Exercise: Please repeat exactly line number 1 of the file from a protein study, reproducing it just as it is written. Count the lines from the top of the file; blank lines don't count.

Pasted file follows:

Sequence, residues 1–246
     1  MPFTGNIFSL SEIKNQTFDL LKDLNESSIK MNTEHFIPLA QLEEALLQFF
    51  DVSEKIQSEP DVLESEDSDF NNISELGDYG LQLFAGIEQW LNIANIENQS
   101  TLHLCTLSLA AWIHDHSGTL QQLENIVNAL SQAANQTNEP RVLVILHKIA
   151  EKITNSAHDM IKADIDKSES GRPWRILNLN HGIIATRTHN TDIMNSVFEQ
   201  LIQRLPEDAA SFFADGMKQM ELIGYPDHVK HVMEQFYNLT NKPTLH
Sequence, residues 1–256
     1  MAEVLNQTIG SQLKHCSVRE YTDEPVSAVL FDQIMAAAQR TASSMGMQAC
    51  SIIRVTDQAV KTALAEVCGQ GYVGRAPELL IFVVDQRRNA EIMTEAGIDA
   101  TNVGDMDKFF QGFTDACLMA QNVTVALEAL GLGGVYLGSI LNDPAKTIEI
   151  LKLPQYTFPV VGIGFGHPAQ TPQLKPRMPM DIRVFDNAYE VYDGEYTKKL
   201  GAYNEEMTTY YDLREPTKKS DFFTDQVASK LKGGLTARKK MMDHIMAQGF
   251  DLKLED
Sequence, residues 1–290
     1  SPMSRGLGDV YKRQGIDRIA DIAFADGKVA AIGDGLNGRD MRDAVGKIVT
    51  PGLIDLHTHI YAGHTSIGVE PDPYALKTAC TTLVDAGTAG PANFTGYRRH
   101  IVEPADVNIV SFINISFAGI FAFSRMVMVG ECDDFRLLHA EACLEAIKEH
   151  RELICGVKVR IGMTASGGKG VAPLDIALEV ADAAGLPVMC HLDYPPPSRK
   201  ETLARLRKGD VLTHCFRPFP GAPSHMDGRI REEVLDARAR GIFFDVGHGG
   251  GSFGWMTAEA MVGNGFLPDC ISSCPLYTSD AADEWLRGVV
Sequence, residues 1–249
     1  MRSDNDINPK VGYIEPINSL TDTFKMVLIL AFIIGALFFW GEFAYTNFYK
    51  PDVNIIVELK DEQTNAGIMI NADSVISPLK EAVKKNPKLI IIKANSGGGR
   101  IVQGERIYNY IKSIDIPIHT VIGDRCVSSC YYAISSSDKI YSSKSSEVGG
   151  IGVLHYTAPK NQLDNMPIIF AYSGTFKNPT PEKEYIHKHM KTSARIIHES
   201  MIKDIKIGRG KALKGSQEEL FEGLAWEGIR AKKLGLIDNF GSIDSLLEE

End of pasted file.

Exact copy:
Sequence, residues 1–246